Running Conformance Tests with Sonobuoy

You can then start e2e tests by simply running:

$ sonobuoy run
Running plugins: e2e, systemd-logs
INFO[0001] created object                                name=heptio-sonobuoy namespace= resource=namespaces
INFO[0001] created object                                name=sonobuoy-serviceaccount namespace=heptio-sonobuoy resource=serviceaccounts
INFO[0001] created object                                name=sonobuoy-serviceaccount-heptio-sonobuoy namespace= resource=clusterrolebindings
INFO[0001] created object                                name=sonobuoy-serviceaccount namespace= resource=clusterroles
INFO[0001] created object                                name=sonobuoy-config-cm namespace=heptio-sonobuoy resource=configmaps
INFO[0002] created object                                name=sonobuoy-plugins-cm namespace=heptio-sonobuoy resource=configmaps
INFO[0002] created object                                name=sonobuoy namespace=heptio-sonobuoy resource=pods
INFO[0002] created object                                name=sonobuoy-master namespace=heptio-sonobuoy resource=services

You can then check the status of your e2e tests by running

$ sonobuoy status
PLUGIN		STATUS	COUNT
e2e		running	1
systemd_logs	running	3

Sonobuoy is still running. Runs can take up to 60 minutes.

E2E tests can take up to an hour. Once your tests are done, you can download a snapshot of your results like so:

$ sonobuoy retrieve .

Once you have the following snapshot, extract it’s contents like so

$ mkdir ./results; tar xzf *.tar.gz -C ./results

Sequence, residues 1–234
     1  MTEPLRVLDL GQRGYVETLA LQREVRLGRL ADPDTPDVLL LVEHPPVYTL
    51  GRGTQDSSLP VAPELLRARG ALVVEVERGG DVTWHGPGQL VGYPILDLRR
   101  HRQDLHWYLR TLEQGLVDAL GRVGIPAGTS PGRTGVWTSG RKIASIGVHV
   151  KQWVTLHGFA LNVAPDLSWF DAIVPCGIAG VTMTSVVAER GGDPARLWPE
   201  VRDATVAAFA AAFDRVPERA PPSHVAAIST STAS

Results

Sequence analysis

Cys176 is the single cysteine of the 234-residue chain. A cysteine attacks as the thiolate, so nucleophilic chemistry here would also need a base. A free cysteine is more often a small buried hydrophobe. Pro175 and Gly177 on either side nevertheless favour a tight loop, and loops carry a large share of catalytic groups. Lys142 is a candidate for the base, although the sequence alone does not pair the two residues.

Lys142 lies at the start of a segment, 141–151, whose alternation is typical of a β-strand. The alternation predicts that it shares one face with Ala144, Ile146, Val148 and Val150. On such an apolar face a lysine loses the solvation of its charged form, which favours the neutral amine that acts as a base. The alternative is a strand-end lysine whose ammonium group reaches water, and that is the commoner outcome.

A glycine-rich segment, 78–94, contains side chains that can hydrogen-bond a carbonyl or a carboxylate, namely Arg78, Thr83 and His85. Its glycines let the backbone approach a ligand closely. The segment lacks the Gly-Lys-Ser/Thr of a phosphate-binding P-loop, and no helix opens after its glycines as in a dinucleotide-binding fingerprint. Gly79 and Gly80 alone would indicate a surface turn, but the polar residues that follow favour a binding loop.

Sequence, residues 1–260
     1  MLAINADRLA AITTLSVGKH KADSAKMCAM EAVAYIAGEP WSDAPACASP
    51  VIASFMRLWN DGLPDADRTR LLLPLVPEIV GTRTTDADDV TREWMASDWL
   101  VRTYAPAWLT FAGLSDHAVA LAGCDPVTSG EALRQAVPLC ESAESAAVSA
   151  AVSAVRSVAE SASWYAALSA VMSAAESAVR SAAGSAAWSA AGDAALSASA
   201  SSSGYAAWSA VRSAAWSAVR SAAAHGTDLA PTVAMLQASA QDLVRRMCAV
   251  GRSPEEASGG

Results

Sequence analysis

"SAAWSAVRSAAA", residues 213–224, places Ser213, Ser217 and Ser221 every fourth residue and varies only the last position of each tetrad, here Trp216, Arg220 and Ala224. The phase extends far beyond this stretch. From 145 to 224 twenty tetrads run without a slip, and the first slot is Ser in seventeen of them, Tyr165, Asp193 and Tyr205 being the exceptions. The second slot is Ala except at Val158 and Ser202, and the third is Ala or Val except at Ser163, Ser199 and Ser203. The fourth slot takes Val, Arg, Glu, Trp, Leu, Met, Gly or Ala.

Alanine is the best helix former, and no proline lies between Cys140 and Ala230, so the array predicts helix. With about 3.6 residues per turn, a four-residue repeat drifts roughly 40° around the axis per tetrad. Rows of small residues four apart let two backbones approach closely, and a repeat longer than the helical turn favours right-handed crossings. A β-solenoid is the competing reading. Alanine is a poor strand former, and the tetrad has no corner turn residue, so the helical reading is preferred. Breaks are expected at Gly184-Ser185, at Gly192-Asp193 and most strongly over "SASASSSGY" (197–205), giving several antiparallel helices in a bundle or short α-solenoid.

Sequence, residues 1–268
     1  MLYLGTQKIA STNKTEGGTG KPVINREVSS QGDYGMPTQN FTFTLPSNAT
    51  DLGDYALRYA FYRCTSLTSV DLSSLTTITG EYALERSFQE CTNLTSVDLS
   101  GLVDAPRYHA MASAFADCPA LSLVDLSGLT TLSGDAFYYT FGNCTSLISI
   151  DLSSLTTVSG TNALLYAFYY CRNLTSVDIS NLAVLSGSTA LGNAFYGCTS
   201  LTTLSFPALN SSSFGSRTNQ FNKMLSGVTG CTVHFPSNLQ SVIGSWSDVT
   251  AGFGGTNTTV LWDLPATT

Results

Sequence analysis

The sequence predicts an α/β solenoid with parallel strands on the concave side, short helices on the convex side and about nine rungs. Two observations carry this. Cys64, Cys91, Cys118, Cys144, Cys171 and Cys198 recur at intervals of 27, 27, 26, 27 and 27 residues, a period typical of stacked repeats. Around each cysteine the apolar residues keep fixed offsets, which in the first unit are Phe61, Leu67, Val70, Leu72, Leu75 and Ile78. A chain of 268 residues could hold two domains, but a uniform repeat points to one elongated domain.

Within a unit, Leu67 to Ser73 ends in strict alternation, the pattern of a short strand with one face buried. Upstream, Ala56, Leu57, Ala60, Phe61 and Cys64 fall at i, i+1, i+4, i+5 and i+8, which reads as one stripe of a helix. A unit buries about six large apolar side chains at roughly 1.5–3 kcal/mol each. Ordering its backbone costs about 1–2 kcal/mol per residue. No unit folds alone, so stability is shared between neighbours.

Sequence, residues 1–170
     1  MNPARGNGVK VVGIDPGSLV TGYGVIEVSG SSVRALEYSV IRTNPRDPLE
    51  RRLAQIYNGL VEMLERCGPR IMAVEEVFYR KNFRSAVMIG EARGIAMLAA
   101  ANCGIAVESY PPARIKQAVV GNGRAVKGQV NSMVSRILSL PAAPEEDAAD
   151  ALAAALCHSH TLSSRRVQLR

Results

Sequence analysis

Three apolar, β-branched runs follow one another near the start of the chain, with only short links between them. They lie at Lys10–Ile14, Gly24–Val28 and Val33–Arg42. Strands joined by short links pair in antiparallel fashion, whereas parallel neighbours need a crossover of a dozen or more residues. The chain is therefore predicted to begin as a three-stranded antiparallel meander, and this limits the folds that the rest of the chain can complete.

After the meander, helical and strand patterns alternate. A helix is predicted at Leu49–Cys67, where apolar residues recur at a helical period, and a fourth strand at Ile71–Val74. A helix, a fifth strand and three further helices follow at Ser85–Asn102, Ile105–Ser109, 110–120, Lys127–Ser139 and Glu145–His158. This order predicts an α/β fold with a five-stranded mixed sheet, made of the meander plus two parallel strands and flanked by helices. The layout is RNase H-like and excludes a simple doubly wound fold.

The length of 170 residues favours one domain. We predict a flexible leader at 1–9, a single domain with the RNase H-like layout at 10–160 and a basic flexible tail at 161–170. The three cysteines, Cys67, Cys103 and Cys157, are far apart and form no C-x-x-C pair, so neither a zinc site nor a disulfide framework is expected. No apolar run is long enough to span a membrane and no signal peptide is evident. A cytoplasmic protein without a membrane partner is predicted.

At this point you should have the log file and JUnit results from your tests:

results/plugins/e2e/results/e2e.log
results/plugins/e2e/results/junit_01.xml

Kubetest

You should use kubetest if you want to run the latest set of tests in upstream Kubernetes. This is highly recommended by sig-testing so that new tests can be accounted for in new releases.

Installing Kubetest

Install kubetest using the following command which adds it to your $GOBIN environment variable which is expected to be part of your $PATH environment variable.

go get -u k8s.io/test-infra/kubetest
Running Conformance Test with kubetest

Now you can run conformance test with the following:

cd /path/to/k8s.io/kubernetes
export KUBERNETES_CONFORMANCE_TEST=y
kubetest \
    # conformance tests aren't supposed to be aware of providers
    --provider=skeleton \
    # tell ginkgo to only run conformance tests
    --test --test_args="--ginkgo.focus=\[Conformance\]" \
    # grab the most recent CI tarball of kubernetes 1.10, including the tests
    --extract=ci/latest-1.10 \
    # directory to store junit results
    --dump=$(pwd)/_artifacts | tee ./e2e.log